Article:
SIDS deaths have declined sharply since 1992, when the American Academy of Pediatrics began telling parents to put their babies to sleep on their backs or sides -- not their stomachs. In 1992, there were 4,891 SIDS deaths; in 1997, the latest year for which figures are available, there were 2,705 -- a 45 percent drop. The death rate attributed to SIDS for babies born in the United States today is 0.69 out of l,000 live births -- or put another way, 99.931 percent of babies will not die of SIDS.

In December 1996 the academy took an even stronger stand on back sleeping, issuing a new position paper saying that placing infants "wholly on the back confers the lowest risk and is preferred." Side sleeping, it noted, carries the danger that babies may roll over onto their stomachs.

But that hasn't stopped manufacturers of baby products from making special positioners to keep babies on their sides while they sleep -- and noting prominently in their packaging that these sleepers help keep infants in the sleeping position recommended by the American Academy of Pediatrics in an effort to reduce SIDS.

In essence, these products consist of a set of cushioned wedges that are attached by Velcro to a thin flannel pad. The adjustable wedges are placed next to the infant to keep the baby in place during sleep.

The products, which range from $7 to about $20, are "extremely popular and very much in demand," said Dan Bilger, product manager for Graco Children's Product Inc.'s baby-care line, which has four different types of positioners. "Not all parents are 100 percent comfortable in putting a baby on the back, which is why we offer the side sleeper."

Bilger said that while the current academy statement says back sleeping is preferred, it adds that sleeping on the side "is a reasonable alternative and is safer than sleeping on the stomach."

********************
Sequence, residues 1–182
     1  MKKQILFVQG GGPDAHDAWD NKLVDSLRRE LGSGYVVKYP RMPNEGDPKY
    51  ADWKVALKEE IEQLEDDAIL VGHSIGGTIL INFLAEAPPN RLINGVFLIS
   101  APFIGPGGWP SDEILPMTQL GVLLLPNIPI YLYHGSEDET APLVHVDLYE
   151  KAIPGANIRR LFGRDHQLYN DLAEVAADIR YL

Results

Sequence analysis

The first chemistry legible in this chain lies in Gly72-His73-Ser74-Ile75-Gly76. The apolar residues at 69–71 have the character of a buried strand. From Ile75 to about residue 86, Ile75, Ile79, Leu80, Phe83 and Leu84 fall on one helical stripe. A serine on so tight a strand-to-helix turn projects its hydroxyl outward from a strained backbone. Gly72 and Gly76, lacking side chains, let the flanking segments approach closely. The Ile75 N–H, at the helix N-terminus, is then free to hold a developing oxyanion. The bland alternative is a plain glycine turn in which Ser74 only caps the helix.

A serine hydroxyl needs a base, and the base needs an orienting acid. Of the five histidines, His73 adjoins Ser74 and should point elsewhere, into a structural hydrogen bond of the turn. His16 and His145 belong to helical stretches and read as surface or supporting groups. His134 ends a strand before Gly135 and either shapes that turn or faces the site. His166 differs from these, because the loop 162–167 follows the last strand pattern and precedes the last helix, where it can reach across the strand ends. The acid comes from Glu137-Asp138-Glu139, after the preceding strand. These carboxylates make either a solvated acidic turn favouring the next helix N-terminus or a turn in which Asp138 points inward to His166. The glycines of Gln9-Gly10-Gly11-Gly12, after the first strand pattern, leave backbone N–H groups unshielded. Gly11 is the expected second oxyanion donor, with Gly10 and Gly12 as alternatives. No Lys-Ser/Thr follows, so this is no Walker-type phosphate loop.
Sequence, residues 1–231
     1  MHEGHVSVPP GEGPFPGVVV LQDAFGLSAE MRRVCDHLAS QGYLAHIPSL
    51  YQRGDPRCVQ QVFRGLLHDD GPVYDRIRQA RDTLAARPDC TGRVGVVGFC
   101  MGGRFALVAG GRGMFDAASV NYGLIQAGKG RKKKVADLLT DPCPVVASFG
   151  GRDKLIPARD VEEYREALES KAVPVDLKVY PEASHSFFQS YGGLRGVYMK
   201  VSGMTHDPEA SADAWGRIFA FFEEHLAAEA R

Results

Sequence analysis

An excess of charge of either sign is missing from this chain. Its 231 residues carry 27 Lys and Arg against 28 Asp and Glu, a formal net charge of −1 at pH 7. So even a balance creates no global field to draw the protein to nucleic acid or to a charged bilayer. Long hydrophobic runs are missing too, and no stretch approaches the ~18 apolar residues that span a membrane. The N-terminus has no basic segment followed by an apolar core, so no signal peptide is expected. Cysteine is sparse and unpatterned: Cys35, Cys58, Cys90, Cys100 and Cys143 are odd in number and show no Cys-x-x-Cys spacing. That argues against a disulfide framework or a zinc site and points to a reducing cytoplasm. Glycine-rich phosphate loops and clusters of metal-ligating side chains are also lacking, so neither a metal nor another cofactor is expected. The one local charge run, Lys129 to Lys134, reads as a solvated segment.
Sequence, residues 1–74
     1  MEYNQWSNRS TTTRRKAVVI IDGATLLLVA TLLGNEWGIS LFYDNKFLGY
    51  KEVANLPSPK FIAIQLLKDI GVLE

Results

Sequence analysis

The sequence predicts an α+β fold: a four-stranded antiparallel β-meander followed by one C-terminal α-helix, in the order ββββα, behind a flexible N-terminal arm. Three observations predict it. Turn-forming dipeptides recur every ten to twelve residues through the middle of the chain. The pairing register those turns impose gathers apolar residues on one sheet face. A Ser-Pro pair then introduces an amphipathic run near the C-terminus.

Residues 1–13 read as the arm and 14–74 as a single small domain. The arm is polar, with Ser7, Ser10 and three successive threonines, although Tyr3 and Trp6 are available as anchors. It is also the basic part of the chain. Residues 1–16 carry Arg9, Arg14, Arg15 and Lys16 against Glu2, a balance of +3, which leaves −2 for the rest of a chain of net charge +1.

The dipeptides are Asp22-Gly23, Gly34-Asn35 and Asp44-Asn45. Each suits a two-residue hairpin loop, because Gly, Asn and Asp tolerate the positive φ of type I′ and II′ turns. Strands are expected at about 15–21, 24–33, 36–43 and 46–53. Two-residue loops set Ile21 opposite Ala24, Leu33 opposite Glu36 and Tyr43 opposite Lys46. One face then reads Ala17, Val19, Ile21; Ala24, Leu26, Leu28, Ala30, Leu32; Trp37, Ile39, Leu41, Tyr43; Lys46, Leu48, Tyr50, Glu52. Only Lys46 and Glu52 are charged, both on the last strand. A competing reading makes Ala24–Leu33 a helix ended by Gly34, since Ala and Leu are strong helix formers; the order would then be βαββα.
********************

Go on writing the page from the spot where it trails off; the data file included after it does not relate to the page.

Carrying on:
But Kattwinkel said he fears that infants are less stable sleeping on their side. If they do roll over, they may get "into compromising situations" with their faces pressed against the wedges, he added.

Federal safety officials say there have been no reported problems with the positioners, but Jacobson at the SIDS Alliance says the product is "something unnecessary" if the baby is put to sleep on its back. An infant can't roll over until the baby is about 5 months old and the peak incidence of SIDS involves babies between 2 and 4 months, said Phipps Cohe, national public affairs director for the alliance.

In fact, the alliance, in partnership with the academy and U.S. Public Health Service, has issued a policy paper as part of its "Back to Sleep" campaign specifically not recommending the use of positioners, noting that there have been no published studies examining their safety.

Now drawing the alliance's particular scrutiny -- and ire -- are the increasing number of mattresses and mattress pads that claim to prevent SIDS. In April, the group took the unusual step of issuing a product advisory against one particular mattress, the Kid Safe Baby Air Mattress, which has been marketed as a way to reduce SIDS, even for babies sleeping face down. "There is no proven advantage of its airflow system to specifically reducing or preventing SIDS," the alliance said in its advisory.

Habib Mahdavi, who created the air mattress after his baby daughter slept "face down no matter what I did," said he remains confident about his product, basically a piece of mesh fabric that is tightly drawn over a wood frame that is placed on top of a crib mattress. Although he has not done extensive testing, he said tests by a parachute company show that there is a good flow of air through the fabric -- proof, he says, that the product is "breathable" and there is no obstruction.